Grandview provides some of the most dramatic scenery found in the park and is a popular place for hiking, picnicking, and sight seeing.
Grandview is a peaceful place to relax and unwind while enjoying outstanding views of the New River. From 1400 feet above the river at Main Overlook, visitors are rewarded with one of the most outstanding views in the park. On a clear day you can see directly into the heart of New River Gorge National River, including seven miles of the New River and its watershed. From Main Overlook visitors can also get a glimpse of some of the gorge's unique cultural history. From here you see an active railway and the town of Quinnimont, where the first coal was shipped out of the gorge in 1873. Don't miss the views from Turkey Spur Overlook, and be sure to walk the woodland trails.
Grandview is a great place to see the spectacular displays of Catawba rhododendrons that bloom here every spring. The purple Catawba rhododendrons bloom in mid May, while the white great rhododendrons bloom in July. The exact bloom times are not always consistent year to year, so check with a ranger at one of our visitor centers or check our facebook page for updates.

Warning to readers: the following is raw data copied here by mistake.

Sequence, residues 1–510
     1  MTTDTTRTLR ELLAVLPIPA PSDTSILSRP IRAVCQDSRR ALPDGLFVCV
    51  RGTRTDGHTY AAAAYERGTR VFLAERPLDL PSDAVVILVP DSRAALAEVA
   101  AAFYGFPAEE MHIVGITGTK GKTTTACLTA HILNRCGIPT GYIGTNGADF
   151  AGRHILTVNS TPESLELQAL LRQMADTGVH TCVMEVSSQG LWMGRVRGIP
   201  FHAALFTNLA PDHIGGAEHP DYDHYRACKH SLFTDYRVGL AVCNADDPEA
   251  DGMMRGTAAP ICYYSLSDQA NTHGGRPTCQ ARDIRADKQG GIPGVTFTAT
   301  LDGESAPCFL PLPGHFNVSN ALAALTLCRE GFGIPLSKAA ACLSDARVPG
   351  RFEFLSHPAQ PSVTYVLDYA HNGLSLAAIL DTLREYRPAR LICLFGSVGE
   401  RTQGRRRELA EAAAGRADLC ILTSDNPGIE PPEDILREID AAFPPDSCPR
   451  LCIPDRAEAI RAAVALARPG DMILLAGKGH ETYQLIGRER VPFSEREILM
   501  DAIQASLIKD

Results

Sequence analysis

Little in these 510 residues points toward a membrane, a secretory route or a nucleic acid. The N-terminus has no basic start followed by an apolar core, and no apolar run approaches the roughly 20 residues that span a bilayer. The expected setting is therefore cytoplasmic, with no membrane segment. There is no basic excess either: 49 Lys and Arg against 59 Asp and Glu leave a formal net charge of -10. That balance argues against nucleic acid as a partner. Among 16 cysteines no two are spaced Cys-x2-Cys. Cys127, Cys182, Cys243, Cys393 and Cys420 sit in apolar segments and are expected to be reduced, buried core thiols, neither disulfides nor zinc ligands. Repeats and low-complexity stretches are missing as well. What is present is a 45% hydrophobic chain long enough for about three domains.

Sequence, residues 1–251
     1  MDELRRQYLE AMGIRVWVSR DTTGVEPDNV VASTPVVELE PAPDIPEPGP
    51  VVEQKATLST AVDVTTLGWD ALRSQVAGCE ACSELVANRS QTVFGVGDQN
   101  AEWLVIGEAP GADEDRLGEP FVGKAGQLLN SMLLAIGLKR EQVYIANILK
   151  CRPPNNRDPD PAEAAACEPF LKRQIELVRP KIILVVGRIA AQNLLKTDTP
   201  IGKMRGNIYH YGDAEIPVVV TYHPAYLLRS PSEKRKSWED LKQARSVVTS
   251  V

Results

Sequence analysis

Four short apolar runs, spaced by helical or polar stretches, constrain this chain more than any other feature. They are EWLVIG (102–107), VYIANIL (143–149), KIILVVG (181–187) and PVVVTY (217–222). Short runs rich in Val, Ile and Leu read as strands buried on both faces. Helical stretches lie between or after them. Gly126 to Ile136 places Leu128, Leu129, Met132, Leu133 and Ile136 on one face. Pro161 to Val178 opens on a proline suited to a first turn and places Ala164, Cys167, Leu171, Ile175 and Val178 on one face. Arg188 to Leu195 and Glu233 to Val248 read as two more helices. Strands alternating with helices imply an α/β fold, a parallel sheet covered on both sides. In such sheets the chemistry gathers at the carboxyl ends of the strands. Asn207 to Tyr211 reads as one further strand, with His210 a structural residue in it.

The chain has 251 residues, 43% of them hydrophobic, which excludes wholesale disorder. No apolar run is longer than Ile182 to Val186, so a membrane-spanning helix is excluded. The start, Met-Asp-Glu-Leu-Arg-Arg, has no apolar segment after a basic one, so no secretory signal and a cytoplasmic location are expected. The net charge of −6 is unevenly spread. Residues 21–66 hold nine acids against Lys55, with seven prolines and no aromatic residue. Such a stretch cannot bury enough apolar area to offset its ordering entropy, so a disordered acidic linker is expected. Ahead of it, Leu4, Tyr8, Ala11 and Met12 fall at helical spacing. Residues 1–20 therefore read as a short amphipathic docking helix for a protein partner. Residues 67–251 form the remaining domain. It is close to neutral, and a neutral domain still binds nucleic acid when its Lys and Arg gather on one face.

The Grandview section of the park includes overlooks of the New River, a visitor center (open seasonally), five hiking trails, ranger-led walks and talks, summer outdoor dramas, and picnic areas with playgrounds. Information about renting picnic shelters at Grandview can be found on the Permits and Reservations page of our website. Grandview is home to Theatre West Virginia, which features outdoor drama presentations from June through August.
Grandview was originally a part of the West Virginia State Park system. In 1939, the state of West Virginia purchased 52 acres of land at Grandview to develop a day use park. The Civilian Conservation Corps built roads, shelters, and a picnic area, all still in use today. Construction began in 1960 on the 1200-seat Cliffside Amphitheater. The children’s playgrounds, recreation area, and additional walkways were built from 1961 to 1964. After more than 50 years as one of West Virginia’s most popular state parks, Grandview was transferred to the National Park Service in 1990.